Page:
Dubai: From just a handful of universities ten years ago, Dubai has seen an exponential growth with 52 higher education institutions and almost 40,000 students currently in the emirate.
The current student enrolment is a two per cent increase from 2009 and a 10 per cent increase in Emirati students. The Knowledge and Human Development Authority (KHDA) recently released these figures in The Higher Education Landscape in Dubai 2010 report, which gives a snapshot of the total enrolment.
KHDA officials said the report will allow policy-makers and education leaders to plan better and make strategic decisions in addition to giving them an accurate picture of the academic environment in terms of trends, developments and demands for higher education.
Dr Warren Fox, Executive Director of Higher Education at KHDA, explained why the number of institutions and programmes has increased in Dubai.
"We are serving a very young population so every year we have more and more high school graduates. Expats now have more programmes to choose from, and more institutions, and as a result of that we are attracting more students. We have not yet collected data about overseas students, but we hope to do so in the future."
There are 394 programmes offered by institutions in Dubai, however business dominates with almost half of programmes on this list.
Dr Fox said universities are responding to the demand as they see it and business is very much in demand.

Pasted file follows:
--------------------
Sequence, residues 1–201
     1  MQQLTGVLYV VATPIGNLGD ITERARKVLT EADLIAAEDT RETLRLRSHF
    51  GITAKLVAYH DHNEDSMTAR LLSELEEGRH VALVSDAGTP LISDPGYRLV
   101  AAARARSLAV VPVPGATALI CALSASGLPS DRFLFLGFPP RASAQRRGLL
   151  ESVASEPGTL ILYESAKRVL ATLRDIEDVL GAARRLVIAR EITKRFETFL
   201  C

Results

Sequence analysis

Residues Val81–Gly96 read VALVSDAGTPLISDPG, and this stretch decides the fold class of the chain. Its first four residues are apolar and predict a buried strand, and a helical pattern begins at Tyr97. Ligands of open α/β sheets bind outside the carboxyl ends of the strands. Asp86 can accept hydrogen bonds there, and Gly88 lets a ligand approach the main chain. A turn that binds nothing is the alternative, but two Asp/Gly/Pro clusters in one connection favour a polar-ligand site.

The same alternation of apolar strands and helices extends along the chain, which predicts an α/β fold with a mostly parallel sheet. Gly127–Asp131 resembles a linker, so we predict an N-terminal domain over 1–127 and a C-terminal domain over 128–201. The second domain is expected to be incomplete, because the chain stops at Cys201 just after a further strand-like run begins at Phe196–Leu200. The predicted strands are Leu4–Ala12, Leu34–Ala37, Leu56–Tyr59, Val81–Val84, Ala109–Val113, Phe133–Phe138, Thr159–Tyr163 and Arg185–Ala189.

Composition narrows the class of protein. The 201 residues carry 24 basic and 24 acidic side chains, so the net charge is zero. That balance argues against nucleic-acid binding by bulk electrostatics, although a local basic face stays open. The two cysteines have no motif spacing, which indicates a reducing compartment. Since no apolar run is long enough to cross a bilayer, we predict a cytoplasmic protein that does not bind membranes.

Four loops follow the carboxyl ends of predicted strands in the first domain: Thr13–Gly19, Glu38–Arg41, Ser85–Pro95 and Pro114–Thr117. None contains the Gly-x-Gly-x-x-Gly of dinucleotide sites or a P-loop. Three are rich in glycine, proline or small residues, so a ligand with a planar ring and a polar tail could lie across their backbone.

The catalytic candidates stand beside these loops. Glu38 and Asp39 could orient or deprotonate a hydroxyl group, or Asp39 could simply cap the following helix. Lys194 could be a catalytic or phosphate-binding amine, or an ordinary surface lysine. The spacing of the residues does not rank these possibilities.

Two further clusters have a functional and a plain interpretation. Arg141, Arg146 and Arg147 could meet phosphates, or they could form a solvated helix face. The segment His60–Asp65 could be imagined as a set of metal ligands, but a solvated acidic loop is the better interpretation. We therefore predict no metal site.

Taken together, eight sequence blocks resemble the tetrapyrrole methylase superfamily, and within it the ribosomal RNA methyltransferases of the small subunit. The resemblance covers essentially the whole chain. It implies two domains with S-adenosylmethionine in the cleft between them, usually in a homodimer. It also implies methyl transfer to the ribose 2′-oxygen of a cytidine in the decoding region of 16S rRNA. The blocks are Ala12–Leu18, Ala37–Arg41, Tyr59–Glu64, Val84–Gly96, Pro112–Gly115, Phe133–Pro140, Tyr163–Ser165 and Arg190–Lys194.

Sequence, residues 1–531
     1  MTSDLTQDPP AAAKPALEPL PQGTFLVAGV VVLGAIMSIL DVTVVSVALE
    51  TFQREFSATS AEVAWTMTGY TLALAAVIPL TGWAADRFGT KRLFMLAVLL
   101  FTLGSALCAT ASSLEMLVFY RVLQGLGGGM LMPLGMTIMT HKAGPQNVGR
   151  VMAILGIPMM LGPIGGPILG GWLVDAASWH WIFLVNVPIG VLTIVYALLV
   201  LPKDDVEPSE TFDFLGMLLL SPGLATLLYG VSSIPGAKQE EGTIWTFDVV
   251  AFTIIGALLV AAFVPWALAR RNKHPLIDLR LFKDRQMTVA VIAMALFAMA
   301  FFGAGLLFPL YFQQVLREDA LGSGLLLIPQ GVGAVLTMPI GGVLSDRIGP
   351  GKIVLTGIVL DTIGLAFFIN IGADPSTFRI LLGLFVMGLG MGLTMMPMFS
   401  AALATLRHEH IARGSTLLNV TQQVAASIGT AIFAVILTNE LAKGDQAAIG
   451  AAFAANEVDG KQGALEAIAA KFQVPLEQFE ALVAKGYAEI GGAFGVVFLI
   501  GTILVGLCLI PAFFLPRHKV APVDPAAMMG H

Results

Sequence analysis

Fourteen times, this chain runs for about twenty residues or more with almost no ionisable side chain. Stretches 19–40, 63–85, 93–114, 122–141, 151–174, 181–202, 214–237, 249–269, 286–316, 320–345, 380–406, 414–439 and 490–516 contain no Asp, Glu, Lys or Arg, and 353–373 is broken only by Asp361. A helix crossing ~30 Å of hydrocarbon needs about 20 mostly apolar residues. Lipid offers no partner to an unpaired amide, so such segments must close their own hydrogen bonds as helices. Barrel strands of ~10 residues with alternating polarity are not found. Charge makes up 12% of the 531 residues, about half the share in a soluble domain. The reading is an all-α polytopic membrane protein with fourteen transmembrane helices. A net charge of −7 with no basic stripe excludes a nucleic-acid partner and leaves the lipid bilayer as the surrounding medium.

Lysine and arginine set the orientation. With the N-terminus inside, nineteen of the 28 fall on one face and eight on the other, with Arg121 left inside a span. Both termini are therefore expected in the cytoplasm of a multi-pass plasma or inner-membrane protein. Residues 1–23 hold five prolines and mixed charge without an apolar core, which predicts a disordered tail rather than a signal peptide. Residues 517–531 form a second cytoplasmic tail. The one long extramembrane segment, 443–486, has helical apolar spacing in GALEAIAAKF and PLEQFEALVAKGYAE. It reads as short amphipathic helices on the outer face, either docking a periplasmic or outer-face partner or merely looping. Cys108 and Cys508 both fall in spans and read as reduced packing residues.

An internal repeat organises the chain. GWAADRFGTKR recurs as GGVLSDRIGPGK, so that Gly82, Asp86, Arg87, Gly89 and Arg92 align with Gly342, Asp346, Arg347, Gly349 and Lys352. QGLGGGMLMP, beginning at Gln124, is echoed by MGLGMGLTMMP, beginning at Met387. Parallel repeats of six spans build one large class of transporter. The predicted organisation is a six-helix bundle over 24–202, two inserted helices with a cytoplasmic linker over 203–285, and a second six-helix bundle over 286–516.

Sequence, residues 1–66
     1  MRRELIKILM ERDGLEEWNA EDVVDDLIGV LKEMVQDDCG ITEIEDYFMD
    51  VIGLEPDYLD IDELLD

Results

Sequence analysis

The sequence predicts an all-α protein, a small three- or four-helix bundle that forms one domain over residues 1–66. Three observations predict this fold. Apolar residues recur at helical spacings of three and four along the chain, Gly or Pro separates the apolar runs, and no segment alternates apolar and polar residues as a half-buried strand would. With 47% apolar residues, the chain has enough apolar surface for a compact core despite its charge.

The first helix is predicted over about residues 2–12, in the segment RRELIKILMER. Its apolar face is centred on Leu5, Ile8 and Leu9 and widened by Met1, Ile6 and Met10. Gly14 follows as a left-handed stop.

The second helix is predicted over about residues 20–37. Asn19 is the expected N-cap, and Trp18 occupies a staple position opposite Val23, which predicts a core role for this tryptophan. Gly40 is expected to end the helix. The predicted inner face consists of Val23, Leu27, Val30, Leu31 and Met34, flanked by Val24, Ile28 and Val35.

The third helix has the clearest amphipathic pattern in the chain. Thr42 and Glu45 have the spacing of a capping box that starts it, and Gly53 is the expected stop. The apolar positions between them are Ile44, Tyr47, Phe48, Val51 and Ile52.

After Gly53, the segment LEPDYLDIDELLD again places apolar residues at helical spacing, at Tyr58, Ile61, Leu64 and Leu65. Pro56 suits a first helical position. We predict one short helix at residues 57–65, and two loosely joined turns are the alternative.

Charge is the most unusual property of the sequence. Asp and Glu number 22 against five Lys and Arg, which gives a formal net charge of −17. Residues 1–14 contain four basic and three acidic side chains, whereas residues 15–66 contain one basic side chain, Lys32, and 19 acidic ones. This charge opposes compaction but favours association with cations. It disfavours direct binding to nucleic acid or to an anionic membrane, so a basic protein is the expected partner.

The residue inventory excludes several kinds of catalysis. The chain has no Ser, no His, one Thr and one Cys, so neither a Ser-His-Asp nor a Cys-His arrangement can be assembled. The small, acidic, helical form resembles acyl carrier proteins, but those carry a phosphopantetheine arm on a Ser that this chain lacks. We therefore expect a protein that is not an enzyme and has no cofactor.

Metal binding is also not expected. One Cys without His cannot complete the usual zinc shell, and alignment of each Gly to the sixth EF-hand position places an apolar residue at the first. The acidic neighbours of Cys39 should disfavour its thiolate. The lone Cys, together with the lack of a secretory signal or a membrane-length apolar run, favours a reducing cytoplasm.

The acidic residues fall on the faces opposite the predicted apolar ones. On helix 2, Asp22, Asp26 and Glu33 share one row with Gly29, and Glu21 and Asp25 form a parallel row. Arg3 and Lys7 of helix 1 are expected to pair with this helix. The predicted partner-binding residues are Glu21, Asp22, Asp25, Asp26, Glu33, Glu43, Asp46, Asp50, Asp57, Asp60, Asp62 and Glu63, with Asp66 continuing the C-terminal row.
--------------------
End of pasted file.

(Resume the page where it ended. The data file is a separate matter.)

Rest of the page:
However, more programmes are now being introduced, he said. "For example, there are more education degrees now than there were three years ago. We need to take a developmental view on this issue. If you go back a few years, there were very few doctoral programmes in Dubai, and now that number is growing."
As institutions mature they will evolve, Dr Fox said. "Having said that, there is a huge demand for doctoral programmes in Dubai and we look forward to being able to offer more in the future. What we want is steady growth, linked to quality, and that takes time to achieve."
The establishment of education free zones has attracted educational institutions from around the world to provide quality degrees where alternative licensing options are available, the report stated.
Dubai Knowledge Village (DKV), the first zone to house education institutions, was built in 2003 and attracted eight institutions. The popularity of DKV encouraged the Dubai government to set up other education Free Zones and since 2003 there has been a 77 per cent increase in these institutions, according to the report. There are five Free Zones including Dubai International Financial Centre, Dubai Healthcare City, DKV, Dubai International Academic City and Dubai Silicon Oasis.
Of the 39,127 enrolled students, 38 per cent are in Free Zones, 43 per cent are outside the Free Zones and 19 per cent are at federal universities.
The largest institution in Dubai is the Islamic and Arabic Studies College with 3,197 students, the largest federal university is Zayed University with 2,960 students and the University of Wollongong in Dubai is the largest Free Zone university with 2,173.
Interestingly, the ten largest institutions enrol about 23,000 students.
39,127: students are enrolled in universities in Dubai
3,197: students in the largest institute in Dubai